Hanover PA, where I live, got its charter from Lord Baltimore and was originally part of Maryland. As a result of the above, it’s now in Pennsylvania.

Another example is the Pennsylvania and Viriginia (now West Virginia) border. Virginia claimed the border followed a river, and Pennsylvania said the line went straight west. As folks started settling those western areas, they noticed that the two lines intersected. You wouldn’t know it now, but the small town of Wheeling WV (where I grew up) was actually a major point for folks heading west, as it had one of the few decent bridges crossing the Ohio river. Fort Pitt was also a major military stronghold (the city of Pittsburgh eventually grew up there). Folks thought it was unfair for either state to get both major places, so they drew a line down the middle and Virginia got Wheeling and Pennsylvania got Fort Pitt. And that’s why West Virginia has that goofy panhandle at the top of it.

This map shows the disputed areas (plus some others):

These two examples are far from rare cases. Almost every state has had some border dispute somewhere. Historically, most have been solved by the two states getting together and coming to some sort of agreement over it. Congress got involved in the Toledo War that Jimbabweosu mentioned.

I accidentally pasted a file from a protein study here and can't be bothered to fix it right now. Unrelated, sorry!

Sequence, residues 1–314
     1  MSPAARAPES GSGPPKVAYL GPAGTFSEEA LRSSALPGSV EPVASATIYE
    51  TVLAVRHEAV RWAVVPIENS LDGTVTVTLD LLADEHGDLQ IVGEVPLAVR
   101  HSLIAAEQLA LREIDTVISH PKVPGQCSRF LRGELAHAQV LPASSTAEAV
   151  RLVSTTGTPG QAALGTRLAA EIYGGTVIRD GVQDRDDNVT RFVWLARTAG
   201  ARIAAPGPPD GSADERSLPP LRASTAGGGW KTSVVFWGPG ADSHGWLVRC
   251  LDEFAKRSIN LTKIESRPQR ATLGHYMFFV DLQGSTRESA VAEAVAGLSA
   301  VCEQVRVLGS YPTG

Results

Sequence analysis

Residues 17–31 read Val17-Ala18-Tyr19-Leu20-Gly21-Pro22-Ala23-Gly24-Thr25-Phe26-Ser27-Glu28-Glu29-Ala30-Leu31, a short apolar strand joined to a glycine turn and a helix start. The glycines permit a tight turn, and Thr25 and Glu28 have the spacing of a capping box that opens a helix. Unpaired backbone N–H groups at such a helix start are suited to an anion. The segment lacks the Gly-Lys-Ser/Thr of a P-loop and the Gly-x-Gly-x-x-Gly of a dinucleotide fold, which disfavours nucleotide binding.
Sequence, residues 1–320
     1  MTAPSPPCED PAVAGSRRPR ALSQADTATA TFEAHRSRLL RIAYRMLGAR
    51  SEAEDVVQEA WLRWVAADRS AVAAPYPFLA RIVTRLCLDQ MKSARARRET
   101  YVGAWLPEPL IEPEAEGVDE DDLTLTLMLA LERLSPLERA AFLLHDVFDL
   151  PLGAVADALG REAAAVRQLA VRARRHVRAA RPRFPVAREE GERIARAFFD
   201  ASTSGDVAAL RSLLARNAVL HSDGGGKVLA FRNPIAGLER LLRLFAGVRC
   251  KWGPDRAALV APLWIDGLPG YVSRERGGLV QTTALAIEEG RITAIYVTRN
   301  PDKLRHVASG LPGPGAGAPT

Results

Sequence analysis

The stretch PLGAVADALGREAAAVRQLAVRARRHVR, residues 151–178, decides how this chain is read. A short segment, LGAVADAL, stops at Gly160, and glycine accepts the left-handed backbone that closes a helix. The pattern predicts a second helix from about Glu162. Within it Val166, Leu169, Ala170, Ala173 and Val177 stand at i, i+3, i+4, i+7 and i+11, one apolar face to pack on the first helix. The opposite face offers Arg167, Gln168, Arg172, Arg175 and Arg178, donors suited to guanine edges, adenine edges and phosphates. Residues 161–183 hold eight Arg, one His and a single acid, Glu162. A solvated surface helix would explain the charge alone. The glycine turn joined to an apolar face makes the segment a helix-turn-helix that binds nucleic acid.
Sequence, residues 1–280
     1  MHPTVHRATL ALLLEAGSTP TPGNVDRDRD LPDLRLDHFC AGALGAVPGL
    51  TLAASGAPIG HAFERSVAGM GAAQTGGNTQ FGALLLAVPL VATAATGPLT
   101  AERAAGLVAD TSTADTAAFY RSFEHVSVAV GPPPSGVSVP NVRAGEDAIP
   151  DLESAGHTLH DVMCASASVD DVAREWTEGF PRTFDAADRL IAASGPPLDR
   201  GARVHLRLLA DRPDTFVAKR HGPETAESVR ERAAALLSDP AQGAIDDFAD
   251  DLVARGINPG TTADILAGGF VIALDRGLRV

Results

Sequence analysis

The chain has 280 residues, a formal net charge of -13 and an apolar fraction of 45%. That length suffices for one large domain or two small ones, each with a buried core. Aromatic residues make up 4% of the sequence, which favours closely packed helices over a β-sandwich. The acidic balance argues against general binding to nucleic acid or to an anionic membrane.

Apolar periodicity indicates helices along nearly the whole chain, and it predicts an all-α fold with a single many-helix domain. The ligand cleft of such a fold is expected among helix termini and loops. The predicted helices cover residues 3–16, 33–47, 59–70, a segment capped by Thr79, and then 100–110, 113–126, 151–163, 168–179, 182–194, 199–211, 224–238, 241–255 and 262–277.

The big territory disputes, like the Pennsylvania/Virginia border dispute, have all mostly been settled, but numerous smaller disputes still remain. With the invention of GPS and more accurate surveying, many people have found that they aren’t actually in the state that they thought they were in. In some cases the states have agreed to let the borders stand where everyone thought they were. In other cases, people’s homes have actually switched states.

Here’s an article about a current dispute between North Carolina and South Carolina that you may find interesting (I think it’s the same dispute mentioned upthread):

New SC-NC border will affect some residents

I think there are still a few in places where rivers changed course, such as the Mississippi. I recall it was just a couple of decades ago that Missouri and Kansas finally settled the precise location of the state line in a place where people in St. Joseph had to cross the Missouri River to the Kansas side, to get to the St. Joseph airport which remained in Missouri,